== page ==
In a short period from November 2022 to January 2023, the new team at My Ward completed the three Loop modules - Clarity, Results, and Evolution. To conclude, operational procedures were trained on the ward for two weeks, supplies were ordered, and professional topics were discussed. The 'Ward and Team Building' phase concluded with the third Loop module. Regular patient care operations commenced on February 1st."

Great outcome

The ward team decides autonomously how many patients it can admit and care for. This is a crucial element to prevent team overload and ensure the best possible care for the patients.

How does "Meine Station" operate?

"Meine Station" operates based on the principles of self-organization since February 1st. Emerging from the project teams of workshops, roles and circles have been established. 32 pioneers—how the staff are referred to—no longer work within their traditional job profiles but instead fulfill various tasks based on roles. Psychologists, physiotherapists, and ward secretaries, for example, assume crucial roles in the interdisciplinary treatment process.

Roles related to patient care are assigned at the beginning of each shift. Additionally, there are roles that are permanently filled by team members. For instance, the new self-organized scheduling is coordinated and supported by such roles that are permanently filled through elections within the team. Another example is the role of 'Communication Support', which assists in handling media inquiries, among other tasks. With these and other roles, topics are now brought into the team that are not typically part of the nursing staff's responsibilities and are often new for the employees; for example, recruiting, training, or communication & PR.

The purpose of the ward team guides the orientation for the new treatment pathway, which emphasizes the autonomy of the patients.

The traditional bedside visit has become the exception. Instead, patients and doctors meet in the examination and consultation room. Here, medical diagnostics and treatment planning merge with empathetic conversations. This setting is more intimate, the interaction more personal, and the focus is on the patient being treated.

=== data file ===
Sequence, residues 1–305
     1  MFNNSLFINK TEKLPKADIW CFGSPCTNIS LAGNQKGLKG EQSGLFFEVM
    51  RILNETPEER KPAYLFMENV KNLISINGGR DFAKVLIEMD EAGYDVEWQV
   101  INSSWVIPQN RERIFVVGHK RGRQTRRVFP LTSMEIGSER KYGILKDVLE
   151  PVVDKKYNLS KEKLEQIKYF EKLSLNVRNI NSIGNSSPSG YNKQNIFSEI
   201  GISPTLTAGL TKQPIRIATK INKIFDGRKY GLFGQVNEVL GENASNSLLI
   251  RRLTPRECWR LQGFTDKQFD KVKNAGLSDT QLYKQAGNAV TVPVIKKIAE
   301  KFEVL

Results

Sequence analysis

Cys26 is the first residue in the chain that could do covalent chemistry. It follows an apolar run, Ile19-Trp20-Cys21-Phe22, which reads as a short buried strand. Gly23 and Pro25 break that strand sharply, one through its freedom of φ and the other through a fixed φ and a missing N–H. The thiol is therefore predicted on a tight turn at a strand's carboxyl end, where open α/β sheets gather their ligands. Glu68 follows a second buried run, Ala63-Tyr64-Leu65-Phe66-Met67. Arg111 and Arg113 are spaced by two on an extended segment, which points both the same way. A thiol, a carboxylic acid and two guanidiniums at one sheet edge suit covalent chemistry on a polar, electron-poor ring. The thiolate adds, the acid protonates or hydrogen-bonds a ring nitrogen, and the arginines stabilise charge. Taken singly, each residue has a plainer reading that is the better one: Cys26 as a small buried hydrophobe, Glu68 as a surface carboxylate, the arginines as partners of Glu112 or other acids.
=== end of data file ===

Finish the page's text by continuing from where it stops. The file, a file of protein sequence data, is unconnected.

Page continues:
It's evident that the "Meine Station" team takes its purpose seriously. Patients receive individual training before their hospital stay to learn how to move optimally after surgery and what to focus on for the best possible recovery. Meals are not taken in patient rooms as usual. In the bistro designed by the ward team, patients eat together, fostering a new sense of community and enabling heartwarming interactions. The goal is always to empower patients' autonomy and maturity, facilitate encounters on an equal footing, and provide the best possible support for their recovery.

While many of these changes were initially initiated by the organizing team, improvement suggestions now regularly come from the ward team itself. Similar to other Loop organizations, this process is tension-based. On the ward, tensions are also addressed through sync meetings to translate them into next steps and tasks, and structural changes are decided upon in governance meetings.

Nadja Nardini | Consultant and co-founder

"The most impactful question was 'What do you need?' Even pioneers took this into their personal lives, to the 'dismay' of some affected individuals. Tension-based work sounds simple, but for our authority-dependent and problem-oriented society, it's a real challenge. 'What do you need?' helps to remember to move from big problems to small steps towards solutions. This gradually helps to relax."

The introspection

Even though "Meine Station" is relatively new, it can already be said: Nothing about this project is standard practice, and that has been the case since day one. While Loop training typically involves existing teams, in Aschaffenburg it served as a kind of "pre-training" before the ward was put into operation.

Nationwide attention